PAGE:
Archive for the ‘Mac’ Category

The Art of iPhoneography: instructive and inspiring.

I’m increasingly fascinated by iPhoneography as an art form in its own right. The humble camera phone has developed into much more than a handy ‘point and snap’ and the vast number of apps now available for iPhone, iPad and Android phones and tablets allow you to be as creative as your imagination allows. Sites like Pixels At An Exhibition showcase the stunning work now being produced by mobile photographers.

If you’re looking to get more serious about phone photography, I can highly recommend a couple of items I’ve recently discovered.

The Art of iPhoneography: A Guide To Mobile Creativity is an excellent book by Stephanie C. Roberts that is now an iPad app. It doesn’t just cover the basics but shows you how to get the best out of apps like Hipstamatic, Photo fx and Photoshop Express as well as providing inspiration with interactive profiles of leading iPhoneographers, project ideas and the best sites to share your work on. Beautifully designed and easy to use, it’s a steal at $9.99.

Snap, which launched in June, is a free monthly magazine for iPad and iPhone produced by Hipstamatic that features gorgeous and inspirational work by some of the most creative iPhonoegraphers around as well as tips on getting the most out of Hipstamatic. A great feature is that you can click on every image in the magazine to reveal the specific settings used to take the photo.

Death of a visionary

Posted: October 6, 2011 in Apple, Mac
Tags: , , , , ,

We all knew he had serious health problems. The absences, resignation as CEO and his increasingly gaunt appearance told their own story. But I don’t think any of us expected Steve Jobs to die now. Not at 56.

His legacy not only as a business leader and a technologist but also as a major influence on popular culture is without question.

I never met the man but his DNA is everywhere in my life.  I am writing this on the iMac I work on every day. I rarely go anywhere without my iPhone. Every member of our family has an iPod of some description and one is usually jacked into the car stereo. We have MacBooks and Mac Minis. We download movies every week on Apple TV. The iPad goes with us on every trip.

Millions of others will have a similar inventory of Apple products they never knew they needed but now can’t live without. We’re not all myopic Apple fanboys – we buy the products for the simple reason that they are well-made, innovative and intuitive to use. You just don’t sell more than 28 million iPads [at June 2011] if it isn’t any good.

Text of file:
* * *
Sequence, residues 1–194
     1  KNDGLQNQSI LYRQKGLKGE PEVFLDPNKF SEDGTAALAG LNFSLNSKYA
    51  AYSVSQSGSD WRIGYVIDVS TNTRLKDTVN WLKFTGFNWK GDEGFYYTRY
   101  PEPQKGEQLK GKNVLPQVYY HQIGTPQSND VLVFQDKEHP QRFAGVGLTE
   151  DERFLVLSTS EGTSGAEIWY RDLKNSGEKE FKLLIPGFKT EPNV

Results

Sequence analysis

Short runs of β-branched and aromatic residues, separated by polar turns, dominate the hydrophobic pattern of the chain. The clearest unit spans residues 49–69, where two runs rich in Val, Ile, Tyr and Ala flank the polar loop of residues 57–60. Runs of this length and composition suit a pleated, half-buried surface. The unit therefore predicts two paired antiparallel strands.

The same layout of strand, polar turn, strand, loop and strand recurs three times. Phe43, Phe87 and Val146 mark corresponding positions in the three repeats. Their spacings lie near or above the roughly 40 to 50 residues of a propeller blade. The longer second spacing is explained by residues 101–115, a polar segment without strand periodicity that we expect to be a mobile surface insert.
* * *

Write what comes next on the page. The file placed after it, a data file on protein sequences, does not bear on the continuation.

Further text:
Jobs and Apple did not invent the personal computer, the MP3 music player, the mobile phone or the table PC. Jobs’ genius – and there is no question that he drove Apple’s transformation over the last 10-15 years – was to redefine what those devices looked like and how they functioned. So radical and successful has this been that the very names – iPod, iPhone and iPad – have become synonymous with those market segments and rivals stumble over themselves to copy and catch up. To do that in one industry segment (Blackberry, Hoover, Sellotape, for example) is an achievement. To do it across three is astonishing.

(more…)

The Old Man Who Read EULAs

Posted: June 15, 2011 in Mac
Tags: , ,

I’m sure like me you don’t read the 30-plus page end-user license agreement (EULA) that now accompanies each new upgrade of iTunes before clicking “Agree”.

But Hollywood star Richard Dreyfuss does … to dramatic and hilarious effect in this audio clip from a recent CNet roundtable podcast.

Apple cuts the cord

Posted: June 8, 2011 in Apple, iPad
Tags: , , , , ,

Having had a day to digest all the Apple announcements at WWDC, it’s clear that iCloud, iOS 5 and Lion represent an evolution in how we will use and interact with our digital devices.

The huge popularity of Apple’s iPhone and iPad clearly point the way to an increasingly wireless and post-PC era and Monday’s keynote promised some welcome developments.

Wireless syncing for one was long overdue. As our home’s one-man IT department, syncing up the iPods, Touches and iPads that have proliferated in our household through my iMac-cum-media hub was becoming a chore. The ability to have all our apps, music, photos, calendars and contacts synced through iCloud will make managing our digital life so much easier and enjoyable. In fact, you will no longer need a Mac at all to activate and start using an iPhone or iPad.

If you have iTunes 10.3 installed, you can already see iCloud in action. New iTunes purchases are automatically synced to all your Apple devices and a new Purchased option shows all the apps or music you’ve ever bought from iTunes and indicates which ones are not on the device you’re using. On your iPad and desperately want to listen to that Lady Gaga album that’s on your iPhone? Just click and iCloud will download it to your iPad.

The full Fall release of iCloud will documents, books and other data between your iPad and desktop and in doing so will make the iPad a much more compelling work device for many people as well as an additional backup and sharing option.

iCloud will also offer iTunes Match – a $24.99 a year service that will mirror up to 20,000 tracks in your iTunes library (not just iTunes purchases) and allow you to stream it anywhere, anytime. Unlike Amazon’s Cloud Player or Google’s Music Beta, you do not have to spend days uploading your music library so all that data will not be counted against your free 5GB of iCloud storage. It remains to be seen if Apple’s service – like Amazon and Google – is US-only and not available to Bermuda users without using a proxy server.